Tua Time has everybody talking.

ESPN brought Paul Finebaum on Tuesday’s “SportsCenter” to discuss the Miami Dolphins’ decision to go with Tua Tagovailoa as the team’s starting quarterback, replacing Ryan Fitzpatrick.

Like many others, Finebaum thought about Tagovailoa’s journey since his college football career ended prematurely at Alabama.

“I can’t help but think back to Nov. 16 last year … remember that injury,” Finebaum said, per 247Sports. “And at that moment, you had to think it could be over for him. And the remarkable comeback — the resilience by Tua, the support that he had from his incredible family, I think, has really been one of the most positive sports stories of the year that we’ve seen so much heartbreak. And that is going to be special for all sports fans because of what he’s overcome. And he always did it with a smile on his face. Even as he was being carried off the field with blood and everyone in total shock, he raised his hand and said he would be back, and look at him now.”

Talking about Tagovailoa, Finebaum called him the best Crimson Tide quarterback in program history.

“Well, I think he’s learned not only is he the greatest quarterback in the history of the University of Alabama but — and that is taking quite a few players into consideration, only like Joe Namath and Ken Stabler — he took that team over and he had to walk in and win the job from Jalen Hurts, who was the most popular guy on the team,” Finebaum said. “Yeah, he won the national championship with a walk-off (touchdown), but he still had to do it in the locker room. And he did.”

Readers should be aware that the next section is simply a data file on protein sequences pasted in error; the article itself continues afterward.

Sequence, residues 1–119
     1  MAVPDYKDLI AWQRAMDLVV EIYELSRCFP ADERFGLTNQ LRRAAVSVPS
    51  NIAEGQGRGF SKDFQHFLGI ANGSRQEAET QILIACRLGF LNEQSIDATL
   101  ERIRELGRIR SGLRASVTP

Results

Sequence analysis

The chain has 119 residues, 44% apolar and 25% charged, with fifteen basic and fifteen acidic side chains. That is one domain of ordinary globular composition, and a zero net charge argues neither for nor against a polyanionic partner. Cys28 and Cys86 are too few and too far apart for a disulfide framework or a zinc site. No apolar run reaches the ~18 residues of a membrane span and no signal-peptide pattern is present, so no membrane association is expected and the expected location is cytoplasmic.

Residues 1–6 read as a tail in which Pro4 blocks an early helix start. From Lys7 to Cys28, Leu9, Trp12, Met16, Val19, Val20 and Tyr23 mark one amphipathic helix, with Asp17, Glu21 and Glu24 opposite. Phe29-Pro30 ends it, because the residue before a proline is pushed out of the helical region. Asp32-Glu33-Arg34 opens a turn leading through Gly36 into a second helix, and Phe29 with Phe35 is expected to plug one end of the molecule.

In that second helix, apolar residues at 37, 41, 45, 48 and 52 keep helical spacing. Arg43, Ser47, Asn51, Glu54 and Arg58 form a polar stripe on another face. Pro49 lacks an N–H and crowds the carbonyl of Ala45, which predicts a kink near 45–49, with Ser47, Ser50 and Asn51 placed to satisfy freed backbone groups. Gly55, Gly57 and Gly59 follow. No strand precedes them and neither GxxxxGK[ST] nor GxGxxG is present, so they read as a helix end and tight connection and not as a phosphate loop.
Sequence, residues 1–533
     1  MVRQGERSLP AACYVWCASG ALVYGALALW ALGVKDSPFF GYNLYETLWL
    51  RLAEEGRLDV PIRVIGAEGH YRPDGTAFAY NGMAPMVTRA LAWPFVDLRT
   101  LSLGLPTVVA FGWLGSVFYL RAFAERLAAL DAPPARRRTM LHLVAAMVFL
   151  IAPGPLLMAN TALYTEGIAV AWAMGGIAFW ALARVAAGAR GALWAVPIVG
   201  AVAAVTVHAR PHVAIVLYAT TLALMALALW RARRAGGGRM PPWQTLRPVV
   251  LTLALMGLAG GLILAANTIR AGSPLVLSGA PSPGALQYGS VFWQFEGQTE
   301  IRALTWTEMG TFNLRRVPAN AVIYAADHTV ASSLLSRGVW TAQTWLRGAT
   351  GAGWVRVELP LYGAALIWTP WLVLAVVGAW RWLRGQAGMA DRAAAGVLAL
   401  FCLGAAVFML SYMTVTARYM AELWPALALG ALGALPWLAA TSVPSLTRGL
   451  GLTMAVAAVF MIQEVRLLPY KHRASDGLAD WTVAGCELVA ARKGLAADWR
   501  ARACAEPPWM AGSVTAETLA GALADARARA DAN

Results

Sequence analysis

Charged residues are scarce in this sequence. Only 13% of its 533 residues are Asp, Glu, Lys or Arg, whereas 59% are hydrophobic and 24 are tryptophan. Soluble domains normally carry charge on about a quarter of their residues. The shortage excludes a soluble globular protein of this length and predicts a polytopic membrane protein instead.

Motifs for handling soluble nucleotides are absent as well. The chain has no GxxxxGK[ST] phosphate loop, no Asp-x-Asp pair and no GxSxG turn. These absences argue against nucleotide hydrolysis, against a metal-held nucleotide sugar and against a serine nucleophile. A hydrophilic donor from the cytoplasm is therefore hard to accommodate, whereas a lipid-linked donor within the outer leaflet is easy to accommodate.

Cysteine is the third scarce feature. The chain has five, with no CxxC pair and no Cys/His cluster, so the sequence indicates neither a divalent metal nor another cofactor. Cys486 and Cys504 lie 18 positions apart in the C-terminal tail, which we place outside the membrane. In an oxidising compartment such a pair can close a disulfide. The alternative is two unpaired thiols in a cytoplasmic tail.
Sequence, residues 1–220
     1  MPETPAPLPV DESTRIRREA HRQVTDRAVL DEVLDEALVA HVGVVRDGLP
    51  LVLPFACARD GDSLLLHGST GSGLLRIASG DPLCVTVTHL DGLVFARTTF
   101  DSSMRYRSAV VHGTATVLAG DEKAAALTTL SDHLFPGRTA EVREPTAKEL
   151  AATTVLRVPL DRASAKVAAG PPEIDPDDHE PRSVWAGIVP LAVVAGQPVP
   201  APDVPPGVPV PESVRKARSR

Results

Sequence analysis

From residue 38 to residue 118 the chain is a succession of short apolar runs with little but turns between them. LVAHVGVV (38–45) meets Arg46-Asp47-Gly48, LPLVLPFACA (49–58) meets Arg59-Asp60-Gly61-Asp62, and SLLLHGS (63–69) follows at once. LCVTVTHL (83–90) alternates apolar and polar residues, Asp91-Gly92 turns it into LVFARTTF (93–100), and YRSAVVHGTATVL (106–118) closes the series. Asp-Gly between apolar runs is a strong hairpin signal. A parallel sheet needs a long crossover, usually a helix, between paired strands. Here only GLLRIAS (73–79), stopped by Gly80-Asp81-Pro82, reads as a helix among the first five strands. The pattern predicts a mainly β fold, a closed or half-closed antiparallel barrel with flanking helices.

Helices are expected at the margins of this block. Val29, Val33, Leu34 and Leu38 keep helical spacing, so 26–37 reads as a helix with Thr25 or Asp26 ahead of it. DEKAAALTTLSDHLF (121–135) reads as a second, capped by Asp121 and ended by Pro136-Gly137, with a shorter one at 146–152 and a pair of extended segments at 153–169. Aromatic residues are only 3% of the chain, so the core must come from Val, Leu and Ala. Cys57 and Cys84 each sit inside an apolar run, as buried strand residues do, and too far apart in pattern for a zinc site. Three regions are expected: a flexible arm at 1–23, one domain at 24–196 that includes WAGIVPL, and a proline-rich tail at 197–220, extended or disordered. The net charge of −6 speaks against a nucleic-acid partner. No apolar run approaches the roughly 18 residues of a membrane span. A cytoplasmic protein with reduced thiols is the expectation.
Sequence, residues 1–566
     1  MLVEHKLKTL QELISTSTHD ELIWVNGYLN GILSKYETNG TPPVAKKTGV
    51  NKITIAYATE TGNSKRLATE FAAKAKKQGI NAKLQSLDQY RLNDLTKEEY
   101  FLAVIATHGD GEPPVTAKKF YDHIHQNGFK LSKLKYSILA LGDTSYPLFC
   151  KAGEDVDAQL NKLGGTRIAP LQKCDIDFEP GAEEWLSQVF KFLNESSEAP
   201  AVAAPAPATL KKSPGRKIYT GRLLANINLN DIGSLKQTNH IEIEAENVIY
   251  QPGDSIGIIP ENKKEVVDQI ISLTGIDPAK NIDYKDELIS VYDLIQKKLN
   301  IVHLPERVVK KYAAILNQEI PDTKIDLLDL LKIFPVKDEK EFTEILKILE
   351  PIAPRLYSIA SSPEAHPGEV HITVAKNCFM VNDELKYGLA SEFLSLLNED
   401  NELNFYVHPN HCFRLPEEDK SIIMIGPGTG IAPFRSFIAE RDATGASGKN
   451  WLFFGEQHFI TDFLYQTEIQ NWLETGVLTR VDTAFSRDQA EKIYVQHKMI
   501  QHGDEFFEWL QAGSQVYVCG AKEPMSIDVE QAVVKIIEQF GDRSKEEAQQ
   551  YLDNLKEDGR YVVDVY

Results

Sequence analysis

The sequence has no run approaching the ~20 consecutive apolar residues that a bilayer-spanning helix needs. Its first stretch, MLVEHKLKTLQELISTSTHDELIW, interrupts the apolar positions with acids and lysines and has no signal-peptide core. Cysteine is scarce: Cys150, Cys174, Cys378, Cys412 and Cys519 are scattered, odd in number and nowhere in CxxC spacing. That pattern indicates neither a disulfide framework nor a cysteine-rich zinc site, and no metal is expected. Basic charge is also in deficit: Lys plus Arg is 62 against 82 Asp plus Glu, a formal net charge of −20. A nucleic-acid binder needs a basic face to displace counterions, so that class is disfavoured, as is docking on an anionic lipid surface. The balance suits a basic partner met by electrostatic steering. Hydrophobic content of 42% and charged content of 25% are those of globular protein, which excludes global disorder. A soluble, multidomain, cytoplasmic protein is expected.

The fact that a former Saban-coached quarterback is now the starting quarterback for Saban’s former NFL team led Finebaum to revisit one of football’s biggest “what if” questions.

“And I’ll tell you, I couldn’t help but think about the quarterbacks who have missed, and to think that (Alabama head coach) Nick Saban was one of those coaches at Alabama who was at Miami (from 2005-06) and wanted Drew Brees and the (team) doctors wouldn’t let him,” Finebaum mused. “He might still be there (in Miami) and then Tua wouldn’t be his quarterback (at Alabama) because Saban would probably be winning championships down there (with the Dolphins).”

Finebaum shifted his comments back to the present and the status of the rookie QB.

“He battled some injuries at Alabama, and that was always the one knock on him, but we’re not going to know until we see it,” Finebaum said. “But I feel pretty comfortable about it. Almost from the beginning, once doctors evaluated him last November and into December, they were positive that this was not going to be something that they felt he would struggle with. And he has overcome everything but that intangible. And I don’t think anybody can guess that, but knowing Tua as long as I have and knowing his resiliency, he’s not fearful of anything. I don’t think that is going to phase him in the least.”